Tuesday, March 8, 2016

Healthy Food for Ohio Program Aims to Encourage Grocers to Open in Food Deserts

A program launched Monday has its sights set on encouraging the development of more grocery stores and other retail outlets selling fresh food in underserved rural and urban areas.
Finance Fund Capital Corporation, or FCAP, announced the start of the Healthy Food for Ohio program, a public-private partnership that has raised about $10 million - including $2 million from the state - for grants and loans to put grocers in so-called food deserts.
The funding is designed to incentivize the construction of grocery stores by offering financing for costs like land acquisition, construction and equipment that might otherwise be too expensive for a company to consider entering an underserved market.

"Ohio's taken a really great step toward improving the overall health and well-being of its residents, as access to healthy food goes hand-in-hand with neighborhood and economic revitalization," Caroline Harries, associate director of The Food Trust, which will work with FCAP to review applications, said at a Columbus news conference.
The program came out of recommendations made last year by the Ohio Healthy Food Financing Task Force. That group called for lawmakers to create a program to incentivize development of fresh food retailers in underserved areas.
In last year's biennial budget (HB 64), lawmakers included funding for the Department of Job and Family Services to administer the program.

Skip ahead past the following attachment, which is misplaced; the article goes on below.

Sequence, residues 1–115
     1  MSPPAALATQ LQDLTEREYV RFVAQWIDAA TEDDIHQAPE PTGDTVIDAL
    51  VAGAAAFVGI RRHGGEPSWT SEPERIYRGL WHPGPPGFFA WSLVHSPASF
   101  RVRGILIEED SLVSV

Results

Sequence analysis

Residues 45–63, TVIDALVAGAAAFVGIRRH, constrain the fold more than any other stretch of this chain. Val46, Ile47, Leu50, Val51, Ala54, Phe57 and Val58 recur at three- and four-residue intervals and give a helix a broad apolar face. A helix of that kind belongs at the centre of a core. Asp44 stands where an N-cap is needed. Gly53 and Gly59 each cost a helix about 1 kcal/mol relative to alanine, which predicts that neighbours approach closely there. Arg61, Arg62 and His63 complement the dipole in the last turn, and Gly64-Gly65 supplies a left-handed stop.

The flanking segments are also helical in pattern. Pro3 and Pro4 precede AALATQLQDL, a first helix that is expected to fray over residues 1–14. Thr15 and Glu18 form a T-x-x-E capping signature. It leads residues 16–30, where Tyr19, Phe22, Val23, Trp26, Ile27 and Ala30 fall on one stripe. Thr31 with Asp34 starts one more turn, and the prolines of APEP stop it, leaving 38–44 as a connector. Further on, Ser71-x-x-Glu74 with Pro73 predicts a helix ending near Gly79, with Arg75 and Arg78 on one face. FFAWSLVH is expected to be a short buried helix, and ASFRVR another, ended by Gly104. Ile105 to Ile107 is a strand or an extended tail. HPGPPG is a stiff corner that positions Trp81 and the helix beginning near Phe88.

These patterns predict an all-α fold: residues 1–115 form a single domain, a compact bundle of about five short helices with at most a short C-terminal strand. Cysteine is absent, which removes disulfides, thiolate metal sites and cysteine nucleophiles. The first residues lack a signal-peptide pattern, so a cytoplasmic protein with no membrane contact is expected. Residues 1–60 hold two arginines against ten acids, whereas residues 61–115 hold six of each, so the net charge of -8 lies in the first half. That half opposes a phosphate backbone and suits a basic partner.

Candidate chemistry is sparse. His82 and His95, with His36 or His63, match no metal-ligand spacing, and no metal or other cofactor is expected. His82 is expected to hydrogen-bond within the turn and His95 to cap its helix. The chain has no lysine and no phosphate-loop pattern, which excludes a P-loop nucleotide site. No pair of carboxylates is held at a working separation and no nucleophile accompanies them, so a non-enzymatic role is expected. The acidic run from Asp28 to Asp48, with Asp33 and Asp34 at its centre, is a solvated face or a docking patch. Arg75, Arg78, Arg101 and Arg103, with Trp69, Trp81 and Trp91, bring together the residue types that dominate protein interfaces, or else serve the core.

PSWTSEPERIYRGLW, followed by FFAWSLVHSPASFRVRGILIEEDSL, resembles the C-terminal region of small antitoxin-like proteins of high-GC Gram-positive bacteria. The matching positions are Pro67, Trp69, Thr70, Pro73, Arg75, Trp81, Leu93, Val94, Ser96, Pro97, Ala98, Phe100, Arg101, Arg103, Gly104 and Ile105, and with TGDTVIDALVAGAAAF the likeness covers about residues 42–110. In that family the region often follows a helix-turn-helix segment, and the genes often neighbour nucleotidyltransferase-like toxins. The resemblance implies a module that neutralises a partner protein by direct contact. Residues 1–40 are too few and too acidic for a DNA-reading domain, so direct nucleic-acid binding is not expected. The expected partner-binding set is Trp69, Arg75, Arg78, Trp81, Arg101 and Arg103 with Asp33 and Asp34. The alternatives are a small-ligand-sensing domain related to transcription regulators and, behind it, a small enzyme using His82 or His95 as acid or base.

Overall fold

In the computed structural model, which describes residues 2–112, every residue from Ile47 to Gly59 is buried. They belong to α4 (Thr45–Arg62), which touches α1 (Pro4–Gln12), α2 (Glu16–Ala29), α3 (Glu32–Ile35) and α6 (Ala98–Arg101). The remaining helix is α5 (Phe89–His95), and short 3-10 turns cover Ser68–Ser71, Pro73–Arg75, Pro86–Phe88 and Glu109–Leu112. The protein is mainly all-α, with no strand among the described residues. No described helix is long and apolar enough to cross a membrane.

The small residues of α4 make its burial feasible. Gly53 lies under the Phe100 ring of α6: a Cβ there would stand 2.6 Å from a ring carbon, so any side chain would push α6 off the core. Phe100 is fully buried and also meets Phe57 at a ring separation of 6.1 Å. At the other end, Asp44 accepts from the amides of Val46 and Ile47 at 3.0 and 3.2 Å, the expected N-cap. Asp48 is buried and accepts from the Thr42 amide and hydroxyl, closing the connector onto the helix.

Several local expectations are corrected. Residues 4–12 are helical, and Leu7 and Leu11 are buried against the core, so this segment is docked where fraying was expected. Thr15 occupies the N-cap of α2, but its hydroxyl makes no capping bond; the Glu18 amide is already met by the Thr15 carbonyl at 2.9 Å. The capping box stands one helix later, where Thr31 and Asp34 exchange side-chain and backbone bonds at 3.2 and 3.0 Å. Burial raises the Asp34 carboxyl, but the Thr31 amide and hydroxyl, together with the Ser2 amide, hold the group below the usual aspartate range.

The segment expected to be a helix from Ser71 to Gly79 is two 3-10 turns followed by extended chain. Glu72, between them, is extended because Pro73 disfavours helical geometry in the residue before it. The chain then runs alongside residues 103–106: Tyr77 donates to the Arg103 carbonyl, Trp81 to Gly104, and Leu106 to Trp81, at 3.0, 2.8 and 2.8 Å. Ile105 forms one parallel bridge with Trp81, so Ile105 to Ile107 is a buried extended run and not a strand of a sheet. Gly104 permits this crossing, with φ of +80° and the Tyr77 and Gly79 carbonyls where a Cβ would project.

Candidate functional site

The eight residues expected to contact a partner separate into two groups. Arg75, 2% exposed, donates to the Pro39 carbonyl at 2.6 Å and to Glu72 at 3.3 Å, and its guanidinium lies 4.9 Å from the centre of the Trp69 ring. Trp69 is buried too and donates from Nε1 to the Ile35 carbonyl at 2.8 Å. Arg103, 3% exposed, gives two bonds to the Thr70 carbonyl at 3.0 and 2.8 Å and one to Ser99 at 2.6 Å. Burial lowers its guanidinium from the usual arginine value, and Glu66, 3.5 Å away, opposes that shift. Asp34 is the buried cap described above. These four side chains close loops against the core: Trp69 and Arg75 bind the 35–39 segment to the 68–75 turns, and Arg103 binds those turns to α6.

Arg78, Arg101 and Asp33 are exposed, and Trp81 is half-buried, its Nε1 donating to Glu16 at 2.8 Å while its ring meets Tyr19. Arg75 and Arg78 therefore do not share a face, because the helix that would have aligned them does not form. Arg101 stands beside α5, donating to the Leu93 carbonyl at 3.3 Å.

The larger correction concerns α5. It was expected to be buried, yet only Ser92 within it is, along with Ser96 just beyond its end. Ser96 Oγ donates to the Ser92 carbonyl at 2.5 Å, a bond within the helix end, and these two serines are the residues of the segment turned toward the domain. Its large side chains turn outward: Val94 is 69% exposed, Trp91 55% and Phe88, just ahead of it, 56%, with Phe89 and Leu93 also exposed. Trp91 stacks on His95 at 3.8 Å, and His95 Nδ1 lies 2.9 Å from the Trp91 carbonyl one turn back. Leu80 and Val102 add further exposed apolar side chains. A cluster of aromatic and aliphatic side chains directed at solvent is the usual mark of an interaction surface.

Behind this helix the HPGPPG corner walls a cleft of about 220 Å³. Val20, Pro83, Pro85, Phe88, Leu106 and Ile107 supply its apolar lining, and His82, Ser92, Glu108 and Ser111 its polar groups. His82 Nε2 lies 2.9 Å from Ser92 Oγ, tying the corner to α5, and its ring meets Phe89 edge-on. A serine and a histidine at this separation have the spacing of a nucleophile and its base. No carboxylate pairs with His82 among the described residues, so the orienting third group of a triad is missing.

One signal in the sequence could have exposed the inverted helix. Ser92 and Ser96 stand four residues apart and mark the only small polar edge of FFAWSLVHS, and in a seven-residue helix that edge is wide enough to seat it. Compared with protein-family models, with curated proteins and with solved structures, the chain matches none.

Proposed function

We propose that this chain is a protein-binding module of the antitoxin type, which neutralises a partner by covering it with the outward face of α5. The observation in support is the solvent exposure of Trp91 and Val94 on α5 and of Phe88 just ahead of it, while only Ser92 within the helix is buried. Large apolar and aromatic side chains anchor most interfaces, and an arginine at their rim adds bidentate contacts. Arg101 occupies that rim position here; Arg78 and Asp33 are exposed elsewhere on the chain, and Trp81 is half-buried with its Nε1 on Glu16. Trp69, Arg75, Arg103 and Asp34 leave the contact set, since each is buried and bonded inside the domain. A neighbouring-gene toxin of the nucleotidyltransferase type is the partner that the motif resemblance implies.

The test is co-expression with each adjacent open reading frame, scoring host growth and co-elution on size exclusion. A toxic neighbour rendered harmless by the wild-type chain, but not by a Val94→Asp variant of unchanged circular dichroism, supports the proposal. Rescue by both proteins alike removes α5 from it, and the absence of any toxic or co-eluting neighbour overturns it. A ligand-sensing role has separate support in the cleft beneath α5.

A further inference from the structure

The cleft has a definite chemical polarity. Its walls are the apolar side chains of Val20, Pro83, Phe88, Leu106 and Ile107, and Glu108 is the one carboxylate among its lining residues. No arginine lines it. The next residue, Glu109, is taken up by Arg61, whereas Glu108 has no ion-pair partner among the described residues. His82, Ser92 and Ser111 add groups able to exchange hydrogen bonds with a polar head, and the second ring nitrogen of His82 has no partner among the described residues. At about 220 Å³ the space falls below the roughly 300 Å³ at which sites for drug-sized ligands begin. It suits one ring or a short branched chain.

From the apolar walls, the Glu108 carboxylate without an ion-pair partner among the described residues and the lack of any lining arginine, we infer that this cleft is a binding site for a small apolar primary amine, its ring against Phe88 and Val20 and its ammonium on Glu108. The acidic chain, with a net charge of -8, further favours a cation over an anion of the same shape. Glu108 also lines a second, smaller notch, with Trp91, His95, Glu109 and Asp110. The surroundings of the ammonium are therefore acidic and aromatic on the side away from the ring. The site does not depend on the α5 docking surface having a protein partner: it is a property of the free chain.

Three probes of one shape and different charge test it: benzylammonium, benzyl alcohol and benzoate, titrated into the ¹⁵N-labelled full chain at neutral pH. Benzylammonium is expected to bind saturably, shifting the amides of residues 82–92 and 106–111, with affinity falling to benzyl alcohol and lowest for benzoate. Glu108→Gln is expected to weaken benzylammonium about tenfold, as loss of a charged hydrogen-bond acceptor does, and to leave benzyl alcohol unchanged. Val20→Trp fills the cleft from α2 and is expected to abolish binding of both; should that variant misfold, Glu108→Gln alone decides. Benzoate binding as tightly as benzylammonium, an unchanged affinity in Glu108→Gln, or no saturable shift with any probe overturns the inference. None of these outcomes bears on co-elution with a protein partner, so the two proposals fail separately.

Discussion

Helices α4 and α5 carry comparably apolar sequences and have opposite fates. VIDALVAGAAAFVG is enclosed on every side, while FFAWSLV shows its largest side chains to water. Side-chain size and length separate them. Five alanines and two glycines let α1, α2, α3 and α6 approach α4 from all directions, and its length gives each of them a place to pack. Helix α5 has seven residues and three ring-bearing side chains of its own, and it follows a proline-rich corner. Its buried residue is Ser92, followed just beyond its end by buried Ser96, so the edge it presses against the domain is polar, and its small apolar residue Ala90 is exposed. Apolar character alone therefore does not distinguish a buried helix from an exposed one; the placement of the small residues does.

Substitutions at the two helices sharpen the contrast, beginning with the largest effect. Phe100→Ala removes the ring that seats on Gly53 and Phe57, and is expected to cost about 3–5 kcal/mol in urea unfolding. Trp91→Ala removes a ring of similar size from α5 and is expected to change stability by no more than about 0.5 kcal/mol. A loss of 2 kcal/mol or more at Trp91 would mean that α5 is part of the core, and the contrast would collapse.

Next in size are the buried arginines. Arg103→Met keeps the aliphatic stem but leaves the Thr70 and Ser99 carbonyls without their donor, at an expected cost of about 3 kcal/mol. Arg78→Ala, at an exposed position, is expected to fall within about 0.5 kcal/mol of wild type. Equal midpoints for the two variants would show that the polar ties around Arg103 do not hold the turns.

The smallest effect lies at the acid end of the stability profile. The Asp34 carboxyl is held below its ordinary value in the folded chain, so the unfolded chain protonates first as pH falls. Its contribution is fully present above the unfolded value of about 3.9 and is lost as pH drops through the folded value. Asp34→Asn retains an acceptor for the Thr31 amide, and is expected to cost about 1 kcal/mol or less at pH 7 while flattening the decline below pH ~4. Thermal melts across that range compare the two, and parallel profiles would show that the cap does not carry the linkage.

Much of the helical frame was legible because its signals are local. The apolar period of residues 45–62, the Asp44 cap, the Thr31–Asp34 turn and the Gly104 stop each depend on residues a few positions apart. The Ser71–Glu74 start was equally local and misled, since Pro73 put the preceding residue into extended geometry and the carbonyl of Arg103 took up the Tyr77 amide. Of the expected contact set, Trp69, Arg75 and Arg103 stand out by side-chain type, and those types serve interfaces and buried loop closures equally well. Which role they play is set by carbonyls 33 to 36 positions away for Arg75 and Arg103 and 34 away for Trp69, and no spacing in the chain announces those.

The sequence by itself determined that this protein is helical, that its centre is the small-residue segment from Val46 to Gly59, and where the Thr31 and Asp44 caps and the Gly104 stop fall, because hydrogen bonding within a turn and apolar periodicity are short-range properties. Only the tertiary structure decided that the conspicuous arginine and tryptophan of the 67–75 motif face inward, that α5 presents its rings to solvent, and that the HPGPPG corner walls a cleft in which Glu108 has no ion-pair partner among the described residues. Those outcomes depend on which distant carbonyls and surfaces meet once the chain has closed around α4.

FCAP Director of Development Valerie Heiby said the fund currently has about $10 million, including the $2 million from the state and about as much from the federal government. The rest is from private fundraising, and they aren't done with that yet.

"HFFO will help overcome funding gaps and barriers faced by grocers and other healthy food retailers operating in underserved areas," FCAP President and CEO Diana Turoff said.
The program would be open to all kinds of grocers, from big chain stores to independent mom-and-pop stores to farmers markets.

Lawmakers said the program is one more way to encourage private companies to move into areas where they're needed, but where they might not otherwise go.
"There's been a federal program to finance healthy foods for a number of years and in many places," U.S. Rep. Steve Stivers (R-Columbus) said. "It's just not enough to close the gap."
Rep. Ryan Smith (R-Bidwell), the House Finance Committee chairman who sponsored the state budget bill, said it will help rural areas like his district. Vinton County, a rural county in southeast Ohio and one of the state's least populous, hasn't had a grocery store since 2013, he said.
"When I tell people in Columbus that we don't have a grocery store in the entire county, they look at me like I have three heads," Rep. Smith said.

This program might reduce the risk a company would face in building a grocery store there, he said, which would save residents a trip of dozens of miles just to buy fresh food.
"I would hope that private business would fill that void, but after two, almost three years, it hasn't," he said.
Kristin Mullins, president and CEO of the Ohio Grocers Association, said grocery stores operate on very small margins, and anything that can help defray the upfront costs of building a store will help a store stay in an area. Stores at risk of closure can also apply for help through the program.
"No grocer ever wants to close," she said. "Anything that can be done to help that is much appreciated."

Grocery stores are important because they can help residents improve their diets, said Rosemary Riley, an exercise physiologist and dietitian. People who live in lower-income areas without access to grocery stores are more likely to suffer from diet-related health conditions, she said. Diet even plays a bigger role in problems like obesity than exercise, she said.
"I believe lack of access to healthy food is a collective responsibility for all of us," she said. "Everyone deserves the chance to have a healthy diet."

No comments:

Post a Comment